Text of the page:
Reverie Sound Revue

Reverie Sound Revue is a Canadian indie rock group formed in 2002 in Calgary.[1] The group consists of Marc De Pape (guitar), John-Marcel de Waal (drums), Bryce Gracey (bass guitar), Lisa Lobsinger (vocals) and Patrick Walls (guitar). They are fronted by Lobsinger, who occasionally contributes to indie band Broken Social Scene.[2] The group originally formed in Calgary, Alberta in 2002, disbanded in 2004, but later reformed in 2005.[3] They have established a large fan base in Canada, but have had little success outside the country.[4][5] Their albums have received mostly positive reviews from critics,[1] although their songs have been criticized for not being memorable enough.[6]

Reverie Sound Revue
OriginCalgary, Alberta, Canada
GenresIndie rock
Years active2002 (2002)–2004 (2004)
MembersLisa Lobsinger
Patrick Walls
Marc De Pape
Bryce Gracey
John-Marcel de Waal


Reverie Sound Revue formed in Calgary, Alberta, in 2002.[3]

Reverie Sound Revue EP (2003–2004)Edit

In 2003, Reverie Sound Revue self-released[7] an eponymous extended play to critical acclaim,[1] which gained fans in the local music scene.[6] The EP also impressed indie rock performer Brendan Canning, which led to Lobsinger touring with his band Broken Social Scene.[8] The EP sold over 2000 copies, solely through live shows and Megatunes, a Calgary music store.[9] They toured Canada twice. They were included in the "Best of the Fest" line-up at Vancouver's New Music West festival in 2003.[10] The group disbanded in 2004[3] due to band members leaving Calgary for other places in Canada.[7]

Reverie Sound Revue (2005–present)Edit

After a year, band member Marc De Pape became interested in reforming the group. He used e-mail to send instrumental tracks to the other band members, who were living in Vancouver, Calgary, Toronto and Montreal, for them to play and record the other instruments.[3][5] On 23 June 2009, they released the album, entitled Reverie Sound Revue, on Boompa Records[2] after being in development for a total of seven years.[5] It received generally positive reviews from music critics.[1][5][6] The band also re-released their debut EP, including a bonus track.[7]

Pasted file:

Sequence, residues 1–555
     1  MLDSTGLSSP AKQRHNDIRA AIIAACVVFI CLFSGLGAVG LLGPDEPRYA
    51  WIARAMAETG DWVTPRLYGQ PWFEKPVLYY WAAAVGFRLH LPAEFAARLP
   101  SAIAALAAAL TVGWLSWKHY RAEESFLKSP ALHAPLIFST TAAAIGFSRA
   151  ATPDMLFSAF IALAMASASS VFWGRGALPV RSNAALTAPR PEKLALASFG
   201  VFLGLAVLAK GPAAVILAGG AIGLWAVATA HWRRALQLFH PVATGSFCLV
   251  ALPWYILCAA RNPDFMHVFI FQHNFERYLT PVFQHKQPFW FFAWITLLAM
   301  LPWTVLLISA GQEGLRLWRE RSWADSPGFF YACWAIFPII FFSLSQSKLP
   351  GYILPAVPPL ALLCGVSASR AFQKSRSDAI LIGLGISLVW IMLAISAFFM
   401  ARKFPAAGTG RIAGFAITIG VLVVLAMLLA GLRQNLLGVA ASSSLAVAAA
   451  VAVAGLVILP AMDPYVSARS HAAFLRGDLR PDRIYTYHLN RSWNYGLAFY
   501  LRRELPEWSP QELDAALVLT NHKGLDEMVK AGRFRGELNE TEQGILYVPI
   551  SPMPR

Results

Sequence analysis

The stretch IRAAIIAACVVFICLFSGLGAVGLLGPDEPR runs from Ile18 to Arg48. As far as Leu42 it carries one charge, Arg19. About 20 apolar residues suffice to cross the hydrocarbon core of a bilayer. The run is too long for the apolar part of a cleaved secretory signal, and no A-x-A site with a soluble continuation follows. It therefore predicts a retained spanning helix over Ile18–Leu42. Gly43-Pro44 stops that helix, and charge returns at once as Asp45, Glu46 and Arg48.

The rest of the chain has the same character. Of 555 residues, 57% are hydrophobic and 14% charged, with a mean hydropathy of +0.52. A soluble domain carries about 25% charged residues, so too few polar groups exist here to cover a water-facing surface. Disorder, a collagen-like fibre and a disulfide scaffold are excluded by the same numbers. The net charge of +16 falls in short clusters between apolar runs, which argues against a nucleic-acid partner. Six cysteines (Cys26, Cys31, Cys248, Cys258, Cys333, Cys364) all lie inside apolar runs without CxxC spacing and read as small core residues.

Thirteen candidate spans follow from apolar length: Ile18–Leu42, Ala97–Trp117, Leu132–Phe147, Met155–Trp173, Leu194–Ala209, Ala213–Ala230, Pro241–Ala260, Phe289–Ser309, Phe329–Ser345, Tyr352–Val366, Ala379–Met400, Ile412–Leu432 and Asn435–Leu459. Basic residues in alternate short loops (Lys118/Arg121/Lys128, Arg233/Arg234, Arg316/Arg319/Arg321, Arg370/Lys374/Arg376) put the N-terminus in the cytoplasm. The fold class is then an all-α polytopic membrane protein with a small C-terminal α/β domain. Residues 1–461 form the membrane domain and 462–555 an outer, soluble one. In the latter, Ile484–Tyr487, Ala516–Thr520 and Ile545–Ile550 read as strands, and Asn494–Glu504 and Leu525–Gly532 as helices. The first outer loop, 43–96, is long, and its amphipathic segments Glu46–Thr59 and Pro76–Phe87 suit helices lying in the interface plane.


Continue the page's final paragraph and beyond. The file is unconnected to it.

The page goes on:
After releasing the album, they went on a "blog tour", with De Pape recording and releasing promotional live videos in which three of the band members played some of their songs online. He also made two music videos in order to promote the album.[3][7] The band has no plans to go on any real tours. In 2010, band member Lisa Lobsinger explained that the band members enjoy making music together, but were too busy with other activities to do live shows together.[11]

Musical styleEdit

The band has jazz[12] and "moody Britpop" as major influences for their albums,[1] and has been called an "under-appreciated band of Canadian popsmiths".[7] They also have the bands Ivy, Phoenix and Saint Etienne as minor influences for their music.[12] Lisa Lobsinger provides vocals for their releases, usually whispering.[6] Her voice is backed by clean guitar riffs,[4] "delicate" melodies, simple drum loops[6] and a wall of sound.[5] The music also features a tight rhythm section[13] and a large amount of reverb.[9] Their EP had the band use "heavy pop leanings" and sound synthesizers for their music. For the studio album, they abandoned that style for "more moody" music, without synthesizers.[5] The band's sound has been described as "ambient",[4] "cool and collected".[7]


The five members of Reverie Sound Revue are:[4]

  • Marc De Pape – guitar
  • John-Marcel de Waal – drums, bass
  • Bryce Gracey – bass guitar
  • Lisa Lobsinger – vocals
  • Patrick Walls – guitar


Studio albums

Reverie Sound Revue (2009)

Extended plays

Reverie Sound Revue EP (2003)


  1. ^ a b c d e Laura Studarus (8 September 2009). "Reverie Sound Revue – Reverie Sound Revue". Under the Radar. Retrieved 1 February 2012.
  2. ^ a b Tom Breihan (23 June 2009). "News in Brief: Common, Reverie Sound Revue, the Octopus Project, Cornbury Festival". Pitchfork. Retrieved 1 February 2012.
  3. ^ a b c d e Marc De Pape. "Reverie Sound Revue". Marc De Pape website. Archived from the original on 21 June 2015. Retrieved 1 February 2012.
  4. ^ a b c d Erica Lenti (17 May 2010). "Band You Should Know: Reverie Sound Revue". Shred News. Retrieved 1 February 2012.
  5. ^ a b c d e f Tyler Weir (31 August 2009). "Album review: Reverie Sound Revue". Treble Zine. Retrieved 3 February 2012.[permanent dead link]
  6. ^ a b c d e Alan Cho (24 September 2009). "Calgary Music – Reverie Sound Revue". Fast Forward Weekly. Archived from the original on 16 October 2009. Retrieved 1 February 2012.
  7. ^ a b c d e f "Reverie Sound Revue Reintroduce Themselves with Debut Album". Exclaim!. 20 May 2009. Retrieved 1 February 2012.
  8. ^ Samantha Edwards. "Scene stealer: Lisa Lobsinger". Elle Canada. Retrieved 4 February 2012.
  9. ^ a b "Reverie Sound Revue biography". Reverie Sound Revue website. Retrieved 4 February 2012.
  10. ^ New Music West's Industry Insider Adventures, ChartAttack, 27 May 2003, retrieved 3 March 2012[permanent dead link]
  11. ^ "Women Who Rock: Q&A with Lisa Lobsinger". Me: In Focus. 21 July 2010. Archived from the original on 10 January 2012. Retrieved 3 February 2012.
  12. ^ a b "An Introduction to Reverie Sound Revue". Chromewaves. 11 May 2009. Retrieved 3 February 2012.
  13. ^ "Reverie Sound Revue". Herohill. 20 July 2009. Archived from the original on 10 May 2012. Retrieved 3 February 2012.

External linksEdit